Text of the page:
I will keep you posted.

Title: Re: Alan Lacer skew revisited
Post by: RichColvin on October 05, 2018, 02:01:48 pm
So when do we get pictures of what you’re making on the lathe ?
Title: Re: Alan Lacer skew revisited
Post by: Fernando on October 05, 2018, 06:59:59 pm
I agree with RichColvin, I would also like to see some pictures  ;D
Title: Re: Alan Lacer skew revisited
Post by: gabecker on November 16, 2018, 02:51:33 pm
Is there any update on sharpening the Alan Lacer skew with the Tormek? How do Tormek users sharpen the Lacer grind?
Title: Re: Alan Lacer skew revisited
Post by: Ken S on November 16, 2018, 05:46:08 pm
Welcome to the forum, Gary.

Sorry, not much of an update yet. Some progress in two areas. First, I now have a large Alan Lacer skew. The procedure I worked out involved using a smaller, one inch straight grind skew. I reshaped and sharpened it. I am confident that the technique will transfer. Second, I have "cracked the code" and now can upload photos onto the forum.

No surprise, I really like the big Lacer skew. It is very stable! Somewhat surprising to me is that after using the Lacer skew, I still like the one inch skew with the Lacer grind just as much as I did.

In hindsight, changing out the original four prong drive center and cup dead center was an excellent idea. No burning with the new Oneway live center. The Oneway "safety center", which allows the wood to slip and stop in the event of a catch, has really given me peace of mind. I bought the Oneway, which I like. In hindsight, the old dead center would have worked.

I will make a concerted efgort to add photos (or, don't hold your breath,,,,video).

Gary, I hope you will continue to post. Being a beginning turner continues to be an education for me. I hope my beginning steps and missteps will benefit the forum. I also hope to gain from other members' beginning steps. (Experienced steps are very welcome, too, of course.)

Title: Re: Alan Lacer skew revisited
Post by: gabecker on November 20, 2018, 08:42:45 pm
I bought an Alan Lacer skew--I think it's 3/8" thick and 1-3/8" wide. I'm trying to decide how I'm going to sharpen it. Alan sharpens free hand. You could do that on the Tormek--I think. But I've been wondering why I couldn't make a jig just for the Lacer grind. It would kind of be like the SVS-50. For starters I might try to make it barely wide enough for the big skew to fit in--that would take care of centering issues. Then I would have the front rounded so that it would pivot on the USB. There would still be an element of free-handed grinding involved--especially with the skew angle--but it seems like the bevel angle would be more consistent and a single facet bevel would be easier for me. Probably set it all up using the marker method.

Anyone care to give additional input?
Title: Re: Alan Lacer skew revisited
Post by: RichColvin on November 20, 2018, 10:49:53 pm

Consider something like a curvilinear slide (used in ornamental turning).  This video shows a number of things, including the use of a curvilinear slide (around 3:50 into the video).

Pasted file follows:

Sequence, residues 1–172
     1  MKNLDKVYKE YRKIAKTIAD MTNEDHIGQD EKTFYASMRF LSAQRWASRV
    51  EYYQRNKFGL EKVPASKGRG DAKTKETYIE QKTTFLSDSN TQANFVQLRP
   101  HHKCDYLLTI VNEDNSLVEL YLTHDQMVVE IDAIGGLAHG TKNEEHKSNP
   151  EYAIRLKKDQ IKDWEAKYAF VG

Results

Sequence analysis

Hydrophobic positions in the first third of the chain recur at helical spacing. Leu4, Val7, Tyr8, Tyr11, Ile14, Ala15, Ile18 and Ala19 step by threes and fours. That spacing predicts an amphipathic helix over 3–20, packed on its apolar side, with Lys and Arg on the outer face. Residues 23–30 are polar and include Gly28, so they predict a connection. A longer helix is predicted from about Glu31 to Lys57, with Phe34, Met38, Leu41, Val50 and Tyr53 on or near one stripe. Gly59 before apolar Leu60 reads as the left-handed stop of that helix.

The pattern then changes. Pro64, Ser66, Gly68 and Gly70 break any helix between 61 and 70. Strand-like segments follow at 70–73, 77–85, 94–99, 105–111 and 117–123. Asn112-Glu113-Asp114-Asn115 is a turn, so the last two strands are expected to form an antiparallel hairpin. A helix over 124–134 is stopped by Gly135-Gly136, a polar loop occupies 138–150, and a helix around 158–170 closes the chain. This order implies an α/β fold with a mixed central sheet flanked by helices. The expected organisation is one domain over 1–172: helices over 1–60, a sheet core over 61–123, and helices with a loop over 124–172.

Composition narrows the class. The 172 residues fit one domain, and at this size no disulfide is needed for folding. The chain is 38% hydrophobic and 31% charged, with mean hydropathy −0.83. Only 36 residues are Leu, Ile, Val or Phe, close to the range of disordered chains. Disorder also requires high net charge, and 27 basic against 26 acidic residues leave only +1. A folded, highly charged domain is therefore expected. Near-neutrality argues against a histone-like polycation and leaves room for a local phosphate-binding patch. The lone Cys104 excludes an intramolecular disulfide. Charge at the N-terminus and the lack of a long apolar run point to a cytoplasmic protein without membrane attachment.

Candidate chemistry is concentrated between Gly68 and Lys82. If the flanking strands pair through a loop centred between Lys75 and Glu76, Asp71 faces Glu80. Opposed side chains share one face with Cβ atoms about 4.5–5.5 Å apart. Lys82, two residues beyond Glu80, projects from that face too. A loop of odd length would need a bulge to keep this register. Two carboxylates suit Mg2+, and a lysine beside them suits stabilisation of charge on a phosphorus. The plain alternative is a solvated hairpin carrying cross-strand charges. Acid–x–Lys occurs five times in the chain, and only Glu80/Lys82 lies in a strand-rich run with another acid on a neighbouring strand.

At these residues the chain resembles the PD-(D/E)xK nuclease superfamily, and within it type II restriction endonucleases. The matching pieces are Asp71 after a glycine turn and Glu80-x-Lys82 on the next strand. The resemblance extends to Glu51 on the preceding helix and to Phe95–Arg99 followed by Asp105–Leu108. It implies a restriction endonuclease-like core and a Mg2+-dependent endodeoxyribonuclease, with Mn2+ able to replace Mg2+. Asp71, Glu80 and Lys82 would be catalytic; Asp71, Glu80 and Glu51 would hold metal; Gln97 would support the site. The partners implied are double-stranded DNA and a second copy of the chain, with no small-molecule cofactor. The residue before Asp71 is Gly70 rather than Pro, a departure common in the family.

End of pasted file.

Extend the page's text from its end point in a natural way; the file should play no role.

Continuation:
Kind regards,
Title: Re: Alan Lacer skew revisited
Post by: Ken S on November 21, 2018, 05:57:26 am
We have two issues involved:

First, the large Alan Lacer skew does not quite fit in the closed seat of the SVS-50. That seems solvable with a little filing.

The shape of the grind seemed the second issue to me. Starting from the right in the photo, around a third of the grind is straight, with no curve. Then, the grind curves to about a seventy degree skew. This effectively combines a bench chisel and a radius skew. The flat, “bench chisel” portion is very effective for removing a lot of stock quickly. The radius part works like a radius skew, and makes planing and oother cuts easier.

My work on this project is incomplete. When I started, I did not yet own my large Lacer skew. I reground my one inch wide sraight skew to the Lacer profile. I used the DC-250, Tormek’s new coarse diamond wheel. The result is shown in the photo. I essentially followed Alan Lacer’s sharpening procedure, substituting the Tormek with Torlock platform for the dry grinder with a platform.

When my Lacer skew arrived, I honed it a bit with a CBN hone and tried it. I like the heft of the large skew. It seems verey stable. To my surprise, I also like the performance of the smaller and thinner one inch skew. I like the combination grind.

I think the SVS-50 type jig could easily be modified to accept the Lacer skew. The constraint is the desire to be able to skew the chisel forty five degrees. The present closed seat is a revision of the original. I think it may have been designed with oval skews in mind. It will securely and accurately hold an inch and a quarter wide oval skew and handily grind it straight of radiused. If the Tormek engineers wanted to, redesigning the closed seat for a Lacer skew would be an easy project. I think it would most logically be an optional accessory, with the present design being included with the basic jig.there is no need for forty five degrees of skew with the Lacer skew. Alan recommends twenty degrees (seventy degrees from the axis he uses).

Tormek may well be in the process of redesigning the jig to zinc. The newer design jigs are zine, and I believe soon most if not all of the jigs will be zinc.Unfortunately, I do not believe any of the present Tormek engineers are active turners, and the Lacer skew will probably be overlooked, as is the Stuart Batty forty forty bowl gouge.That will give the untrue implication that the Tormek is not able to sharpen these tools, and many turners will move on to other sharpening systems.